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Schools Sixth Form Grown-up

The sixth form opens up a wealth of opportunities to pupils: the chance to try boarding in preparation for university life, study a bespoke course or to simply expand their vision of the world. By Patricia Carswell

he road to GCSEs is a long and often wearisome one; reams of coursework and endless rote

can’t give that same reach.” At UWC Atlantic College in

learning can leave pupils longing for something new and exciting. Some students consider moving to sixth form college, or at least to another school for sixth form, and although most stay where they are, a signifi cant minority do decide to make the change. Moving schools can be a major

south Wales – an international, independent school for 16 to 18 year- olds – students are drawn from all over the world, and from all socio- economic groups. Eighteen year-old Rosario Freire,

upheaval though, so what is the lure of switching at this stage? For some, the chance to move

into, or away, from boarding is the principal motivation. Robert Taylor, registrar at Harrow School, explains: “One of the major reasons would

be to experience boarding prior to going on to university. Often boys will be coming from a smaller school with perhaps limited opportunities, at a stage in their life when they feel ready to cope with it. I think they get a lot out of those two years.” Boarding can expose pupils to a

more sophisticated, international world than any they have previously experienced. This is the motivation for many new sixth formers at Roedean, says Director of Admissions, Zoë Marlow. “Roedean has had international

girls for some time and we’re very proud of them. The goal of the school is to have women that are as comfortable living or working here in the UK as they are in Dubai or Australia. Some provincial schools

24 FirstEleven Autumn 2011

joined UWC Atlantic College from Chile. “My main reasons [for coming to the college] were the opportunity to experience something completely diff erent, to share my culture and to expand my vision of the world.” Acting Principal Paul Motte

adds that for its British students, the International Baccalaureate taught there is a factor. “It is an attraction, particularly for those with aspirations to go to university

school T

outside the UK,” he says. Boarding isn’t for everyone,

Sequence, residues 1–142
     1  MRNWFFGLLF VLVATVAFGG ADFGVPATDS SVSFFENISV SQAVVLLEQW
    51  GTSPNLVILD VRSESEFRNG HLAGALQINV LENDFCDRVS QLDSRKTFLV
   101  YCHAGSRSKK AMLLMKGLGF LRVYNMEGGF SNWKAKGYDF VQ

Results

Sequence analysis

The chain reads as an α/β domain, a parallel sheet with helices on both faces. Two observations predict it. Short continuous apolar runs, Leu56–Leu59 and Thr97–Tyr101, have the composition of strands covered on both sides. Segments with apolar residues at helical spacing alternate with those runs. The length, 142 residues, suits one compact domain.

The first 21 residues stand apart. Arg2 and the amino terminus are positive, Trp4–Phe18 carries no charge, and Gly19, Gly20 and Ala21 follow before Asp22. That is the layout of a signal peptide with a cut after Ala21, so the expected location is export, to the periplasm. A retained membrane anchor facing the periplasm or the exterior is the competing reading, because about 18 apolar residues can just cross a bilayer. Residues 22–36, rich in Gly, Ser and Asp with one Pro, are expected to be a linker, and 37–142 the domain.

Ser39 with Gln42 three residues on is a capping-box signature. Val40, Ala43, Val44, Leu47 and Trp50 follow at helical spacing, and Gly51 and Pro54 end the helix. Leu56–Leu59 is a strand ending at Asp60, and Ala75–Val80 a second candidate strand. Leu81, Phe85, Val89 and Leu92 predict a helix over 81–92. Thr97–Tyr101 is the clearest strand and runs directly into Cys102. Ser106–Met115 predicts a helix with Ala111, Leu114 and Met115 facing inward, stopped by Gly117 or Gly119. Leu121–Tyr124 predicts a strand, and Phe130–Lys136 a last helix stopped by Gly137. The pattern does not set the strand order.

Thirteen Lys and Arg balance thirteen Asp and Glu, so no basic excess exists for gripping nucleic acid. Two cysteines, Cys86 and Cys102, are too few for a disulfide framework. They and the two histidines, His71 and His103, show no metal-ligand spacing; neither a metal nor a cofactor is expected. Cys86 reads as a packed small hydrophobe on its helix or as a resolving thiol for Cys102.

though, and at DLD College – an independent sixth form college in London – it can be the thought of escaping from boarding that attracts some of its students. According to Principal David Lowe, “We have

Important questions to consider What do you want to get out of

sixth form? ● First off , is your priority good A level results and being able to get into the university of your choice? ● Are you looking for broader experiences, e.g. mixing with international students/community activities/work experience? ● How important are extra-curricular activities such as music and sport? ● Are you keen to take responsibility for younger students?

How self-motivated are you? ● Are you organised and good at

structuring your study time? ● Do you get your GCSE coursework done on time and without help or do you rely on teachers/parents/or other students? ● How would you cope in a less- structured environment where you were left to your own devices?

Are there aspects of your current school with which you are currently

less than happy with? ● If so, can they be solved by discussion /negotiation/the diff erent regime of sixth form at your present school? ● What do current sixth formers in your school have to say about these issues? ● Are you sure that these issues would be any diff erent in a new school or sixth form college?

What have you achieved at your current school e.g. in terms of responsibilities/extra-curricular activities/relationships with

students and staff ? ● Are you prepared to leave these behind?

How ready are you for the

intellectual leap to A levels? ● Would you be able to cope with adapting to a new school alongside getting used to the rigours of A-levels? ● How does your chosen school assist sixth formers with the transition?


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